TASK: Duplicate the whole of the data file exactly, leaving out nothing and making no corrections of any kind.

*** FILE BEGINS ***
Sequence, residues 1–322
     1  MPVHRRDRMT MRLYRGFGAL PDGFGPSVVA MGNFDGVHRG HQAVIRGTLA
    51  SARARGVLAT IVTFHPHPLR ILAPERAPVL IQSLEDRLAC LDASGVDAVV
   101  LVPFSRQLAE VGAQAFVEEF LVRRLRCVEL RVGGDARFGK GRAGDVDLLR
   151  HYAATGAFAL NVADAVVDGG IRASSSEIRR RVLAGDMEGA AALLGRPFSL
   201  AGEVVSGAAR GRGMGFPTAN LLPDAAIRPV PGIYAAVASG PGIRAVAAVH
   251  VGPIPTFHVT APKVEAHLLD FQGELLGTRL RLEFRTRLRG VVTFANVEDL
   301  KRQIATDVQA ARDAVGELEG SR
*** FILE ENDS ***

Sequence, residues 1–322
     1  MPVHRRDRMT MRLYRGFGAL PDGFGPSVVA MGNFDGVHRG HQAVIRGTLA
    51  SARARGVLAT IVTFHPHPLR ILAPERAPVL IQSLEDRLAC LDASGVDAVV
   101  LVPFSRQLAE VGAQAFVEEF LVRRLRCVEL RVGGDARFGK GRAGDVDLLR
   151  HYAATGAFAL NVADAVVDGG IRASSSEIRR RVLAGDMEGA AALLGRPFSL
   201  AGEVVSGAAR GRGMGFPTAN LLPDAAIRPV PGIYAAVASG PGIRAVAAVH
   251  VGPIPTFHVT APKVEAHLLD FQGELLGTRL RLEFRTRLRG VVTFANVEDL
   301  KRQIATDVQA ARDAVGELEG SR